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Hoffmann, R. A wiki for the life sciences where authorship matters. Nature Genetics (2008)

Prevention of rhinovirus and poliovirus uncoating by WIN 51711, a new antiviral drug.

WIN 51711, a potent new antipicornavirus drug, has been shown to inhibit an early event in the replication cycle of human poliovirus type 2 and human rhinovirus type 2. WIN 51711 was not virucidal and had no measurable effect on the adsorption of [3H]uridine-labeled virions to cells. When virion penetration of the plasma membrane was determined through loss of sensitivity to neutralizing antisera, WIN 51711 had no effect on poliovirus penetration, but inhibited rhinovirus penetration by 40%. In the presence of WIN 51711, exposure of neutral red-encapsidated virus-infected cells to light at 3 h postinfection resulted in a 3-log reduction in the number of infectious centers, indicating that WIN 51711 maintained the viral RNA in the encapsidated state after penetrating the cell membrane. The inhibition of uncoating by WIN 51711 in the neutral red assay was found to be concentration dependent, with a concentration of 0.03 micrograms/ml resulting in a 90% inhibition of uncoating. Sucrose gradient sedimentation of lysates from whole cells infected with [3H]uridine-labeled poliovirus showed that poliovirions remained intact in the presence of WIN 51711, but were uncoated in the absence of drug. WIN 51711 also prevented thermal inactivation of poliovirus infectivity, indicating a direct stabilizing effect of this compound on virion capsid conformation.[1]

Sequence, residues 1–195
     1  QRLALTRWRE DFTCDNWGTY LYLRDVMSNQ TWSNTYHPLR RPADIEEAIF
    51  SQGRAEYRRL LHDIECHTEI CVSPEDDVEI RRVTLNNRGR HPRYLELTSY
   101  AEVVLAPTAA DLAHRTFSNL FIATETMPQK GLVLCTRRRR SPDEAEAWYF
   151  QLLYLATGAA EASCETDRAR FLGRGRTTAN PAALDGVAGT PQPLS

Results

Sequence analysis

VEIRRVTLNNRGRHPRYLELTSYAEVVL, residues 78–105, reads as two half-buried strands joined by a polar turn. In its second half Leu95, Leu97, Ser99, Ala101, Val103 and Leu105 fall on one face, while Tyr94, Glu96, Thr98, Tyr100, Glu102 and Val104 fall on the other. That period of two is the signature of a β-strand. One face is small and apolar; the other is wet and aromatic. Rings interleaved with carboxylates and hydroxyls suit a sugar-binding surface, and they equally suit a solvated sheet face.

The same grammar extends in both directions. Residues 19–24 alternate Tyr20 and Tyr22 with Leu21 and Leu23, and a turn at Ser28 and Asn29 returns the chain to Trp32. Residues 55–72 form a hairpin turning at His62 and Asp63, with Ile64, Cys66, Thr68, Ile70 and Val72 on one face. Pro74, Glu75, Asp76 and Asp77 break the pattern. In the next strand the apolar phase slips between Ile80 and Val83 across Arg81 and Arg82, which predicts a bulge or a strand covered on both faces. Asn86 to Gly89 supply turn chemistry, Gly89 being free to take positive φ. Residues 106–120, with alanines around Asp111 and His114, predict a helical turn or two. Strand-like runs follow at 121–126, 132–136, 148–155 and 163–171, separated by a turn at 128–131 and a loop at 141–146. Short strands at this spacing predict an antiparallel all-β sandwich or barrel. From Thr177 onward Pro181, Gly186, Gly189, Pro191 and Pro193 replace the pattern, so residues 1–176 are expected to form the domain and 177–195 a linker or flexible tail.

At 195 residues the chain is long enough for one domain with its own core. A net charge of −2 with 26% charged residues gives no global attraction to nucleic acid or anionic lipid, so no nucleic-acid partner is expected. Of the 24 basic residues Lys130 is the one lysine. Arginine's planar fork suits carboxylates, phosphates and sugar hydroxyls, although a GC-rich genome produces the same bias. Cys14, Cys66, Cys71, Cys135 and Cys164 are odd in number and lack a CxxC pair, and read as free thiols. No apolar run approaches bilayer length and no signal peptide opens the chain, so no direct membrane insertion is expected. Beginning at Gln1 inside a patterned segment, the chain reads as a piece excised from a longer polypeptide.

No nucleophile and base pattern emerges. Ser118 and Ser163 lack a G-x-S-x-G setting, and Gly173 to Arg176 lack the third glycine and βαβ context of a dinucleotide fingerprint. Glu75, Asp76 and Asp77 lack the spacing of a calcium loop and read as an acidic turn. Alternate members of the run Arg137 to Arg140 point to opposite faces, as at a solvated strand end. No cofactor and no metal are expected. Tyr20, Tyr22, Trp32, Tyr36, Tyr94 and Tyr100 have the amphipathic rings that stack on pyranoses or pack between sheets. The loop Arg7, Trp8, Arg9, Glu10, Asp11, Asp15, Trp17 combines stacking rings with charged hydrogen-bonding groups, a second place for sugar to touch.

1. Prevention of rhinovirus and poliovirus uncoating by WIN 51711, a new antiviral drug. Fox, M.P., Otto, M.J., McKinlay, M.A. Antimicrob. Agents Chemother. (1986) [Pubmed]
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